Gaming For Little Kids


#1

Forgive me if there is a prior post on this, but I couldn’t find any that weren’t multiple years old at this point.

My son just turned 4. On the PS4, he enjoys playing some of the lego games and other simple action games, so we’re set there. What I’m having trouble is finding slower paced PC stuff aimed at kids his age. We’re still in the minimal-violence, awkward mouse control stage, so my options may be limited. Anyone have any suggestions?


#2

iPad all day every day. The Toca Boca games are PURE FREAKING GOLD. All of them.


#3

Oooh! A topic I have a lot of recent experience with!

Both of my daughters game a lot with me and both started when they were about 2 yrs old. Games we enjoy:

Bit Trip Runner 2
Spelunky
Super Mario Odyssey
Ratchet & Clank
Minecraft
Lovers in a Dangerous Spacetime
Overcooked
Rayman Legends
Steamworld Dig 2
Lego City Undercover
Mario Kart

Various other PC and console games. In general, Bit Trip Runner 2 was great because it’s a 1-button game at the easy levels and gradually increases in difficulty. Whatever you can give them that allows them to learn the controls without getting frustrating is good. Learning to move in a 3D space with twin sticks takes a while, which probably why we have spent 100s of hours with Spelunky.

I’d like to get them into an RPG, like Ni No Kuni, but they do t really have the patience. I think my ~7 yr old is up for Zelda Breath if the Wild soon.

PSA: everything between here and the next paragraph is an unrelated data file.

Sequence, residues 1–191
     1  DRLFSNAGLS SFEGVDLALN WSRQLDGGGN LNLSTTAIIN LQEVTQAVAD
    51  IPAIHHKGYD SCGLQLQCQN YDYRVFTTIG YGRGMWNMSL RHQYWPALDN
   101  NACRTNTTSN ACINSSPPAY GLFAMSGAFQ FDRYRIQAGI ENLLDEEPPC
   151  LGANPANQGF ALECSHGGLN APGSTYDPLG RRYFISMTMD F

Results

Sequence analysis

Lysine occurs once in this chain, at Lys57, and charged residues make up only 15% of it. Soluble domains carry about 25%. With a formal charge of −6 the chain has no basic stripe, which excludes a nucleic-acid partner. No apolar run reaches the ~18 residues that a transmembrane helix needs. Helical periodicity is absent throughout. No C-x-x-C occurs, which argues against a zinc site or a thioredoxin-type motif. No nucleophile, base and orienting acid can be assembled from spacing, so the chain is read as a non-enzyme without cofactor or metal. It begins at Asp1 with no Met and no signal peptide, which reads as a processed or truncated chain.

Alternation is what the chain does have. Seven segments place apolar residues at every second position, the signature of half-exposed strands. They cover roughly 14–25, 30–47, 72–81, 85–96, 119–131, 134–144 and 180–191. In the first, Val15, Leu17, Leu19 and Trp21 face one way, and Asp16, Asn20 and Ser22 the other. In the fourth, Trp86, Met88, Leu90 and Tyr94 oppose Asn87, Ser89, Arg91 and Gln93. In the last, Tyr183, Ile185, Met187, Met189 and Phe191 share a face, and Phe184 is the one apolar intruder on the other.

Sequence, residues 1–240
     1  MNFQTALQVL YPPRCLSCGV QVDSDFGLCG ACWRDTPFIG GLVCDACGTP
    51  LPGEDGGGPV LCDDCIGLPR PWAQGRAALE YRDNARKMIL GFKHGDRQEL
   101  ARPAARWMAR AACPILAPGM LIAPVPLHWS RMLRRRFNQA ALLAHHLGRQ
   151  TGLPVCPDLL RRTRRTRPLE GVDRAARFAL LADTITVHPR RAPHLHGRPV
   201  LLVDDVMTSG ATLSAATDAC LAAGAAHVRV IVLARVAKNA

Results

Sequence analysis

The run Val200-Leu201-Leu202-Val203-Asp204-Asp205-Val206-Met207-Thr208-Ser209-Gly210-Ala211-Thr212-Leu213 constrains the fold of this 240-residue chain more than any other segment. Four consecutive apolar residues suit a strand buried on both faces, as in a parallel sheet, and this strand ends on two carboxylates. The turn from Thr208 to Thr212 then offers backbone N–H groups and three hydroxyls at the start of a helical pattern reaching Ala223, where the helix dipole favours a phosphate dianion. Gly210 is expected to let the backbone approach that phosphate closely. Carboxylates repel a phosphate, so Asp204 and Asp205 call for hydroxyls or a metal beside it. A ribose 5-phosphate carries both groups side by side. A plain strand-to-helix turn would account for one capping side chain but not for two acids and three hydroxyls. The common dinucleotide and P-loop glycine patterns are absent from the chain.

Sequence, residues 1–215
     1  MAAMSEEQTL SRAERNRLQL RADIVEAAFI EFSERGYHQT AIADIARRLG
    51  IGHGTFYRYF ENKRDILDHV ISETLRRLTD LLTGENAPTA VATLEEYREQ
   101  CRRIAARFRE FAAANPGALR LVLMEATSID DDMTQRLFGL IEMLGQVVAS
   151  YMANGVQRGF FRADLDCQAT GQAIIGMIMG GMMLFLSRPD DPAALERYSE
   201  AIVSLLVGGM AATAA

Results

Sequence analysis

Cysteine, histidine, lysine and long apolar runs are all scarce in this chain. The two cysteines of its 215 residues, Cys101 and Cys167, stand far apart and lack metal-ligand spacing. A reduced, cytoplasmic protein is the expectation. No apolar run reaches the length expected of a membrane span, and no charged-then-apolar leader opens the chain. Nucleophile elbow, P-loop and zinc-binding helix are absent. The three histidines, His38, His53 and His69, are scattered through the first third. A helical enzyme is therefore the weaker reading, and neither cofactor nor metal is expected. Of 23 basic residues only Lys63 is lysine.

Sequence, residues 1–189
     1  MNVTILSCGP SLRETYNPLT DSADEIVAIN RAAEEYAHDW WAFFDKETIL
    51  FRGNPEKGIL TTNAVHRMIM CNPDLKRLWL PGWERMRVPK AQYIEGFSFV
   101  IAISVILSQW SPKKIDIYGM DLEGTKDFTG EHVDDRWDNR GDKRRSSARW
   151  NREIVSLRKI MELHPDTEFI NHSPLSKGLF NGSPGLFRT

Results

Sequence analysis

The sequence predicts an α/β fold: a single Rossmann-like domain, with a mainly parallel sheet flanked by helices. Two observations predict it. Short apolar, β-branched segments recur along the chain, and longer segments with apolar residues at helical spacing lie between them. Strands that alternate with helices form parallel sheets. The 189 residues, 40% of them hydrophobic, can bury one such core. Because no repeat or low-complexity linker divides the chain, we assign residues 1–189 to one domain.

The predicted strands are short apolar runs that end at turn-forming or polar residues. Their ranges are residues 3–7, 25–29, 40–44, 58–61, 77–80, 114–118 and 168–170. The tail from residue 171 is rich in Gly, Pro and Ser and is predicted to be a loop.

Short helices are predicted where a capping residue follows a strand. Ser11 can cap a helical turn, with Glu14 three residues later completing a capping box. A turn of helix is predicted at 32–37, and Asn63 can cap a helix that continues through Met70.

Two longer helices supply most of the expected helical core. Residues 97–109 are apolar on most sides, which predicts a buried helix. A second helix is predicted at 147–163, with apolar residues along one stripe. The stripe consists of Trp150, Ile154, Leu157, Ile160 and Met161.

They’re both loving Steamworld Dig 2 and Mario right now.

Also: I do not allow either of them to play iPad at all unless they are on an airplane. I try to make gaming as social as possible for them and found that they get cranky and argue when they play with iPads.

Edit: I should amend that slightly. I have an iPad Pro with an Apple Pencil and they’re allowed to draw on it, but usually only when they are sitting together and taking turns. The Toca Boca games, which they play sometimes on the airplane, are really good, wholesome, ad-free experiences.


#4

That’s not even 3D! That’s 2D movement. Twin sticks would be 3D, pretty sure Spelunky is not that. But point taken.


#5

They have those on the touchscreens at certain chain restaurants. He loves those, but I always forget to look them up. Hopefully some are on Android, as we don’t have IPads here.


#6

Right, I mean they can almost beat Spelunky but have a really hard time with even the simplest games that require moving in a 3D space.


#7

I wasn’t sure platformers would do anything but frustrate him, but I should probably give it a try since he just constantly surprises me at what he understands. He is, though, extremely easily frustrated when he understands how to do something but can’t actually execute what he wants.


#8

The Lego Marvel games have an open world, over the shoulder feeling to them in certain levels, and he finds those baffling. 3D space and a rotating camera with changing perspective is just beyond him.


#9

Try Bit Trip Runner 2. The cool thing there is that the jumps are timed to the music, too. Plus, you can help him start by holdin the controller with him and helping him time the jumps at first, etc.


#10

Proteus is good for this. My son enjoyed it when he was 4-5.


#11

I’m proud to say my 4-yr old just beat Super Mario Odyssey’s story all by herself, so she picked up the skills along the way, probably in Minecraft (co-op was helpful because she could orient to her sister).